Permanent APR 16.24%–26.24% 15.24%–26.24% (Penalty APR up to 29.99%) 14.24%–25.24% 14.49%–24.49% (Penalty APR up to 29.99%) 16.24%–26.24% (Penalty APR up to 29.99%) 17.24%–25.99% 17.24%–25.99%
Annual fee $0 $95 $0 $0 $0 $0 $0

The Quicksilver’s sign-up bonus is one of its weak points when you compare it with the other cards on this list. The Discover it Cash Back and Chase Freedom Unlimited have matching rewards the first year that, based on $30,000 of yearly spending, will exceed $150.

The Bank of America Cash Rewards and American Express Blue Cash Preferred cards boast $200 sign-up bonuses. The Citi Double Cash doesn’t have a sign-up bonus, which makes the Quicksilver move ahead of that card. However, by the end of year two, the better rewards rate the Double Cash offers will make it a more valuable card.

Quicksilver’s yearly rewards are better than all but the Citi Double Cash and the Blue Cash Preferred. However, the Quicksilver has one distinct advantage over those two cards: No penalty APR. When you make one late payment with the Double Cash or Blue Cash Preferred, your interest rate will jump to 29.99% and apply to any future balances you rack up.

The Quicksilver doesn’t have a penalty APR, though. This means that, if you tend to pay late and accumulate balances over time, you’ll be better off with the Quicksilver.

The Final Word: Pros and Cons, and Who the Capital One Quicksilver Is Good For

The Quicksilver is, in our opinion, is a unique card in that it has a single rewards rate, 15 months of 0% interest and a $150 sign-up bonus. You won’t find any other cards like that among the most popular cards on the market.

However, a card’s uniqueness doesn’t offer any measurable value. Strengths do and we think this card’s strength is that it has a good intro APR offer as well as a relatively low APR and an absence of a penalty APR.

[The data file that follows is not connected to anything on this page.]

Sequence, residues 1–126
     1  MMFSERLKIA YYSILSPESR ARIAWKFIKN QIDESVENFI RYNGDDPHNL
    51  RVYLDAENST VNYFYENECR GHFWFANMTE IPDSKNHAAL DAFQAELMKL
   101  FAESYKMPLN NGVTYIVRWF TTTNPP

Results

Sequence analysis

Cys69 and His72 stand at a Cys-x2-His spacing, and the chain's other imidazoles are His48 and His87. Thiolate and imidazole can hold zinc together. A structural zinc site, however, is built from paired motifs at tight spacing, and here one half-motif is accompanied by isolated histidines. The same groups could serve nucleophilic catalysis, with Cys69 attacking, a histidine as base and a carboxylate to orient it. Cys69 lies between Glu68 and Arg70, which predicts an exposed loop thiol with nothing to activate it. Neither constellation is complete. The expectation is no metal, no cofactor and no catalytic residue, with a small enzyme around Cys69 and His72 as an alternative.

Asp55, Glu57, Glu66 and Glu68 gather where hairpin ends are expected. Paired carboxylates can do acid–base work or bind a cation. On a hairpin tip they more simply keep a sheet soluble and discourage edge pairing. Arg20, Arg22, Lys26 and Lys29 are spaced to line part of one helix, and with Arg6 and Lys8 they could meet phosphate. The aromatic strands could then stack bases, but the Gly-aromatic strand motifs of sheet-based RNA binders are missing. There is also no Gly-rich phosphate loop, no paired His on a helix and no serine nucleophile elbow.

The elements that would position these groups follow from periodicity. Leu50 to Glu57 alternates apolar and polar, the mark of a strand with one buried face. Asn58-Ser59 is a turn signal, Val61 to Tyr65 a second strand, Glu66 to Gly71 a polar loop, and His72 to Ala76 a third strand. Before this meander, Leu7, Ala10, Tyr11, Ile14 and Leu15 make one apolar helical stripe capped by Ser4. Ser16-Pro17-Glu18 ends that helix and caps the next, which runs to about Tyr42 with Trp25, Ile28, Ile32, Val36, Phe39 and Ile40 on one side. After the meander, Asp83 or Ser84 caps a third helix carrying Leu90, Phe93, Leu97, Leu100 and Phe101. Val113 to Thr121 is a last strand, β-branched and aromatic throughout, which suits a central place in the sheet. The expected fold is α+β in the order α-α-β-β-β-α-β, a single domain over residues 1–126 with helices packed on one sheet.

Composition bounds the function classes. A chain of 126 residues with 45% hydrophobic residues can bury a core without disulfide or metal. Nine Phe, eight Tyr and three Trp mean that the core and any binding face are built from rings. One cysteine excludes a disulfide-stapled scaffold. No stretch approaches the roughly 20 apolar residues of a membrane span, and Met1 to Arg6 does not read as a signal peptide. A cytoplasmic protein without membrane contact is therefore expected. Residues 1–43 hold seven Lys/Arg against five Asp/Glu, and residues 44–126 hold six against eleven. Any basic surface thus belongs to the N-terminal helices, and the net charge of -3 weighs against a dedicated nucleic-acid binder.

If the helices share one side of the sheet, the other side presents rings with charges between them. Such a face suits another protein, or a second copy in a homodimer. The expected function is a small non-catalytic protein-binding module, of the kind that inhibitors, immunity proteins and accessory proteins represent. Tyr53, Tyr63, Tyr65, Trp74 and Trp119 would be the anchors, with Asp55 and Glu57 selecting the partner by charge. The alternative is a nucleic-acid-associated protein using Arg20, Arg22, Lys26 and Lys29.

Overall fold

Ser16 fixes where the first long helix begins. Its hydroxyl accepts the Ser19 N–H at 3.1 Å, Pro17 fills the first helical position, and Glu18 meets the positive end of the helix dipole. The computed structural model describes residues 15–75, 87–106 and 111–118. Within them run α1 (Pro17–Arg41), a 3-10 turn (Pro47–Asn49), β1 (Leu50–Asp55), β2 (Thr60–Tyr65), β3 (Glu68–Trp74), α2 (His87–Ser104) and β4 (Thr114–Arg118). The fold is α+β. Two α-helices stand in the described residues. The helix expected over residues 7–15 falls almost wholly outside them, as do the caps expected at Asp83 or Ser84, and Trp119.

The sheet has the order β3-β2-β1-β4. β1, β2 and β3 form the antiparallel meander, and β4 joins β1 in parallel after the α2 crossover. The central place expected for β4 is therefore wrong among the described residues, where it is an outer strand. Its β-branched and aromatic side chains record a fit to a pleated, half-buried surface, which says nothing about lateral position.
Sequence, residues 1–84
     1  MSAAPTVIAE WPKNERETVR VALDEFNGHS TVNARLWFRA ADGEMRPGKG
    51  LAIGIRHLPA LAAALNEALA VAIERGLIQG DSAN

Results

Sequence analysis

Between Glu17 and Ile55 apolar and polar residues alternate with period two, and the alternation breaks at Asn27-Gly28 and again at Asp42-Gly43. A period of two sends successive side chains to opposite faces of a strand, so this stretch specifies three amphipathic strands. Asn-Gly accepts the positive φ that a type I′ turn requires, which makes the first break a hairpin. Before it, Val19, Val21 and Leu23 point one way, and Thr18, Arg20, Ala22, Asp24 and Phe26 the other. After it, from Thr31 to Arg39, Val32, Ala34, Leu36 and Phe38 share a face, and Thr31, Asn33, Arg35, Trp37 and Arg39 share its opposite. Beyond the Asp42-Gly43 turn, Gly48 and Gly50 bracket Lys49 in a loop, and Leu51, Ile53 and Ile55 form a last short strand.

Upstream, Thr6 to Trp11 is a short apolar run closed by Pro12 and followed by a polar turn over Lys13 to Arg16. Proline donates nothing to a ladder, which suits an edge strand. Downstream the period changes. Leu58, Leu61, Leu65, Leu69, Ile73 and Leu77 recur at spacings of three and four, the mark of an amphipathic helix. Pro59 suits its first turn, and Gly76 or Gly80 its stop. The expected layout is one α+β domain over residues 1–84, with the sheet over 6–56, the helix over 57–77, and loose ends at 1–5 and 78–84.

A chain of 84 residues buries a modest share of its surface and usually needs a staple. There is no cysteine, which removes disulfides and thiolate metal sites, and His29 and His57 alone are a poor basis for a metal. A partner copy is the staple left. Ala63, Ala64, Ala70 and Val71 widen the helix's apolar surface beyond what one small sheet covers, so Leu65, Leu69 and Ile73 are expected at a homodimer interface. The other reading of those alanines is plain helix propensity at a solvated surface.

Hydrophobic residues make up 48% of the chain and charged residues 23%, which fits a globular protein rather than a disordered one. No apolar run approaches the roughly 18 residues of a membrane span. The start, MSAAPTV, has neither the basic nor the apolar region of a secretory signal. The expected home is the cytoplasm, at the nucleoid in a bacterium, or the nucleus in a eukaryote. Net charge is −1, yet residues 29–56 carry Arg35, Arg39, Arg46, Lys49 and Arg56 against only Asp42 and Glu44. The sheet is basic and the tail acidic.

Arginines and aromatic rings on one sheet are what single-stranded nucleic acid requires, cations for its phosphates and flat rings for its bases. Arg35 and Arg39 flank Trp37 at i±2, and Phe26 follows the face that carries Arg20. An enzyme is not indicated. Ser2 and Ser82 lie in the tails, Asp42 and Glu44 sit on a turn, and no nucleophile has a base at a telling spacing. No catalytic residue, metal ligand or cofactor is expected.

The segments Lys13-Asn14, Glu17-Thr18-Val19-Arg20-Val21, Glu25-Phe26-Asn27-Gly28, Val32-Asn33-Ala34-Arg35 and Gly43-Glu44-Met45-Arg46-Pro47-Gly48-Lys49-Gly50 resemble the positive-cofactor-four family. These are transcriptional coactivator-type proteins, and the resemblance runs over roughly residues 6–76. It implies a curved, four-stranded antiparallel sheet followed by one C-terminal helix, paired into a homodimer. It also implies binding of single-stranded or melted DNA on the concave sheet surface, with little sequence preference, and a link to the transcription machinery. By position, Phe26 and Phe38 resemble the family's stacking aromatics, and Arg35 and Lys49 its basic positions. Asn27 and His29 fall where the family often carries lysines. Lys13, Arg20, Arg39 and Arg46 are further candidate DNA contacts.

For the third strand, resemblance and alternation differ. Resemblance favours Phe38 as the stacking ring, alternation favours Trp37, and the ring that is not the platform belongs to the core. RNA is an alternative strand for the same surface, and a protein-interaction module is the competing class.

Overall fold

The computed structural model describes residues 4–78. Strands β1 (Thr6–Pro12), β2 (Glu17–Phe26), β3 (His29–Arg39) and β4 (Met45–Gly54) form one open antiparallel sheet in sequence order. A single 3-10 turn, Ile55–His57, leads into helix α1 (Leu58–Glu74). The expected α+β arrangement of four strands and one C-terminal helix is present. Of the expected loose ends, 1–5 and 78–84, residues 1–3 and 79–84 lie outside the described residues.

The card doesn’t necessarily shine but it is a simple option for you if you’re looking for an easy card to use. There’s one rewards rate, one lump-sum sign-up bonus and no chance of getting a penalty APR from a late payment.

Also, we see an opportunity here from someone with good credit scores who are looking for their first cash back card. The rules for using this card are so basic it will give you a good foundation for your understanding of how rewards cards work.

The downside to the card is that, in our opinion, it’s not a good choice if you never carry a balance and you never pay late. Not carrying a balance means a card’s interest rate doesn’t come into play. Not paying late means you neutralize any penalty APR’s.

If that’s you, then we think the Citi Double Cash is a great choice because its rewards rate is 2%, which means $30,000 of spending earns you $600 per year.

In general, we believe this card is best suited for someone who wants the most basic, well-known cash back card they can find.

There are no rotating categories like the Discover it Cash Back or the Chase Freedom, and there aren’t certain categories that get more rewards than others. Capital One distills everything down into one rewards rate and one set sign-up bonus.

If you want an even more in-depth understanding of cash rewards credit cards, read through our guide to the best cash back credit cards of 2019. We ranked the Quicksilver fourth after taking into account how its yearly rewards, sign up bonus, APR and other factors compared to the cards we mentioned earlier in this review.